WILLCOX — The Rex Allen Museum’s 15th annual car show brought in a variety of classic cars on Saturday. Behind each car was a proud owner or owners.
Among them was a man seen sitting around talking to another man in their lawn chairs placed alongside historic Railroad Avenue, each with a special story to tell about how they came to be the owner of their chosen classic car.
Duane Larkey of Safford emerged from his lawn chair behind his 1941 Willys Coupe gasser, a black classic with white, purple and yellow flames painted on the front.
“I’ve had this car right here for 25 years. I built it. The frame, everything,” Larkey said.
When asked about what inspired the flames themselves, Larkey referenced “the old gassers.”
“I built it to be an old gasser,” he said. “Just got a little bit out of hand with things. I put the tail on the back of it. When I slow(ed) down, going 160 miles an hour.
“About 140 the back end starts shaking. Swaying. I put the tail swoop on the back when I was running a 600-inch engine. Just changed everything.
“Got better midrange and stopping was terrific then.
Now I’ve still got a five (500 cubic inch engine), seven in the back. So it will still run about 145 miles per hour now legitimately. It’s really exciting,” Larkey said.
Larkey has had the same interior and kept the gasser as he originally built it for 25 years, although he changed the paint job to its current glittery, color-changing (in the sun) flames pattern.
“The only thing that has changed on it, I had to change the framework,” Larkey said. “I wrecked it one time. It bent the frame.
“So I put another frame on it. I changed the front end out. (The) front end is 10 inches longer than a standard one would be, so what it was I could glue the wheel base.
“Got a bigger, longer wheelbase, Longer wheelbase than most people would do. You’d never know unless you had a stock racer sitting next to it. It goes from a 100-inch wheel base to 110.”
Larkey has raced his gasser all over Arizona and elsewhere.
“I’ve done Tucson, Phoenix, Deming, El Paso, Las Vegas and Bakersfield. I tried doing a circuit one time and (it cost) too much money,” Larkey said.
Larkey said environments outside the Arizona desert don’t differ, but “it just depends on how they prepare their track.”
“You go to New Mexico. Deming. They do the first about the first 60 feet. From there on you know be ready for something to happen.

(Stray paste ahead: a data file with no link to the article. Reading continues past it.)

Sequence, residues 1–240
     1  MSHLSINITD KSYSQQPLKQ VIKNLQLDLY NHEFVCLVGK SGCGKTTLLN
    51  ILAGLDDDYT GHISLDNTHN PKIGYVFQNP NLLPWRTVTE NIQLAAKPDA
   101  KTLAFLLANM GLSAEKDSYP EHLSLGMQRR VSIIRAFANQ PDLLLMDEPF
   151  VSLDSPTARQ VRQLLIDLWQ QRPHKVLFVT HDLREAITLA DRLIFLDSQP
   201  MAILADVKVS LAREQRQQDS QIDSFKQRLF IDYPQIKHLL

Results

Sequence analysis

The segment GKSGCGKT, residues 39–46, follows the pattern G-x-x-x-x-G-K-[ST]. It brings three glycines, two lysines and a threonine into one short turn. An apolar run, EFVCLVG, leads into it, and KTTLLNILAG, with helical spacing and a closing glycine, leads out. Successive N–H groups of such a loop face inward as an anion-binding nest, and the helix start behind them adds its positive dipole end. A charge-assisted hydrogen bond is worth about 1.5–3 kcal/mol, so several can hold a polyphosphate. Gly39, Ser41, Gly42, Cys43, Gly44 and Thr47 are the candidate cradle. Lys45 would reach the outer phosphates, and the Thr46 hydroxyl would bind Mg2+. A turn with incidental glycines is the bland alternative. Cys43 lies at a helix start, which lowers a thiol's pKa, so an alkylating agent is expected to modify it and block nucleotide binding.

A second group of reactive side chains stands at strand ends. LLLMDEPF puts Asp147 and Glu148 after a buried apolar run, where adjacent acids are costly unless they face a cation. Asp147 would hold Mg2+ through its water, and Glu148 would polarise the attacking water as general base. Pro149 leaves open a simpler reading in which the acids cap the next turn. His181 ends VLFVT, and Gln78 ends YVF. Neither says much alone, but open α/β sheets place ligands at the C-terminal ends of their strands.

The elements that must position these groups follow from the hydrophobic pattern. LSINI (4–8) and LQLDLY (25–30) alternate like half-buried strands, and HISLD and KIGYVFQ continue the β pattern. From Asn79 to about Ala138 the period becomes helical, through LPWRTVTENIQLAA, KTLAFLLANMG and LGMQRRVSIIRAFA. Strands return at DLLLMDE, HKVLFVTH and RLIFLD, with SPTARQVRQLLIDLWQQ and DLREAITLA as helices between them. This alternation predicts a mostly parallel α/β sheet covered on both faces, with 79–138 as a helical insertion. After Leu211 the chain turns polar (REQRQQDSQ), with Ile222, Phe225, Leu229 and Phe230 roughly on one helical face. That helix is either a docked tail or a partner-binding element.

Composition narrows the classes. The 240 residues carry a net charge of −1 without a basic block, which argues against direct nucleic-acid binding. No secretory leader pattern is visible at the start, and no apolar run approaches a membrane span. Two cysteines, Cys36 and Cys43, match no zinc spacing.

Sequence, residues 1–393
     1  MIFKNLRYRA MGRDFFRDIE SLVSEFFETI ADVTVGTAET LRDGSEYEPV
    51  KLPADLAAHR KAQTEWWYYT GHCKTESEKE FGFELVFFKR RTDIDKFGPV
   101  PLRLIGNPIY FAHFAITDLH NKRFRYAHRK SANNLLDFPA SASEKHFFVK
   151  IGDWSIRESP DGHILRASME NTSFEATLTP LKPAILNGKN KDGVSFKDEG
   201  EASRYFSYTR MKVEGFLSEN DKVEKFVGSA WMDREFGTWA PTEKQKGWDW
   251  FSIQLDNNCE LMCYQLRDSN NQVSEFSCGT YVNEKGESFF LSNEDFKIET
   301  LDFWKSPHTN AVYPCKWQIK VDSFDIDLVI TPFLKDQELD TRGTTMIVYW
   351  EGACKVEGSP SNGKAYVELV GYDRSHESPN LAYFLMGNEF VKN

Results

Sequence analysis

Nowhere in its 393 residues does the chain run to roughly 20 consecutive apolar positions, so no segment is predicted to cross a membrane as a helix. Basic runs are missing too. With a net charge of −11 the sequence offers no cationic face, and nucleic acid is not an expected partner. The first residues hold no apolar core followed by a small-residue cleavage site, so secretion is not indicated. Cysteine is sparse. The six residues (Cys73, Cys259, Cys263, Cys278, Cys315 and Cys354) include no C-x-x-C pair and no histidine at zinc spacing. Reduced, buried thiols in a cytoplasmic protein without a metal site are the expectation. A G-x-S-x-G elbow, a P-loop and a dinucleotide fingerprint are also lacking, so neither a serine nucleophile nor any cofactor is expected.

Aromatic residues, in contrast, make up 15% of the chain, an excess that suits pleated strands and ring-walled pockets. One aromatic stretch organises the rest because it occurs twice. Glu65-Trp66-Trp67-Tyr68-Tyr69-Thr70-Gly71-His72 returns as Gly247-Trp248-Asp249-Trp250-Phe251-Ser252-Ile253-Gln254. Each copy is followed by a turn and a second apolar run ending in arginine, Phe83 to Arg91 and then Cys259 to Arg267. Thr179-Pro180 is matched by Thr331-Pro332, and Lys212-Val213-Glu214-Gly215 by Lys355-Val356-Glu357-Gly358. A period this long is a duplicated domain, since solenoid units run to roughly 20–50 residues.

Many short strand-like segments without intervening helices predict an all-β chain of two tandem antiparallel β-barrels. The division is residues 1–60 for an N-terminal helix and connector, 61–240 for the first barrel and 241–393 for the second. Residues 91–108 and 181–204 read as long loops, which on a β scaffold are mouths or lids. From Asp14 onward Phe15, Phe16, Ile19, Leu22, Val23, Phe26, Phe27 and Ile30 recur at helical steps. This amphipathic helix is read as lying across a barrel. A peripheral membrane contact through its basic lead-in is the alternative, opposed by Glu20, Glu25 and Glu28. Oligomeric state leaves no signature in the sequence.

“You go to Tucson or Firebird (in Phoenix), they spray the whole track. It’s like a glue. A track like that you can run the car a whole lot harder and you feel a whole lot safer because of the track you’re on.”
A wreck in Tucson inspired Larkey to remove the driver-side door and add more safety features to his gasser.
“I wrecked (my gasser) in Tucson,” he said. “I was going too fast in (the) entry. Probably 140 miles per hour. I was trying to get it off the starting line and then a little ways.
“I got into some transmission system. They’d built a transmission line and it was carved for me. So nobody knew about it. He forgot to tell anybody.
“So (I) hit too much off the throttle, back coming around sideways. (My gasser) did one complete flip in the air and landed back on its wheels. When it did the complete flip in the air it threw the doors off.”
Larkey said that his fascination with hot rods started in high school when he owned his first hot rod.
Since 2008, Michelle Mullins, former board of supervisors member for the Rex Allen Museum, has run the car show with Gail Martin; Revonda Laws, the wife of Willcox Mayor Mike Laws; and other volunteers. This year the event organizers were thrilled to see more than 75 participants enter the show and their variety of vehicles.
Before 3 p.m. on Saturday the judges, including Mullins’ husband, Moon, had decided their winners.
Dennis Adams and his wife, Kay, of Safford, took home the top spot out of 20 winners with their bright red 1933 Factory 5 Ford Coupe, while another Safford man, Sony Finch, came in fourth with his lime green and white 1946 Chevy Panel.
Grace Bojorquez of Willcox took home the Best in Show prize for her low-riding maroon 1964 Ford F100.
TJ Ward, 13, a recent Willcox Middle School graduate and the 2019 Junior Dragster Champion, took home the Youthful Appearance award. Ward’s father is drag racer Trevor Ward.
A 1969 Ford Torino GT and 1969 Pontiac GTO Judge were among the more classic sports cars adoring Railroad Avenue.
Willcox Councilman Paul Sheats was a participant as he showed off his old school baby blue BMW motorcycle with a sidecar attachment.
Scooby-Doo popped up in the driver’s seat of a 1959 Chevy Delivery Sedan version of the iconic “Mystery Machine” from the cartoon series.
D.C. Carriers had a semi-truck with a moving Memorial Day message painted on it and a hybrid tractor and dragster combo on display.
All of the proceeds from the car show entry fees go directly to the Rex Allen Museum’s continued preservation of cowboy and Old West historical artifacts as well as the maintenance/upkeep of the museum.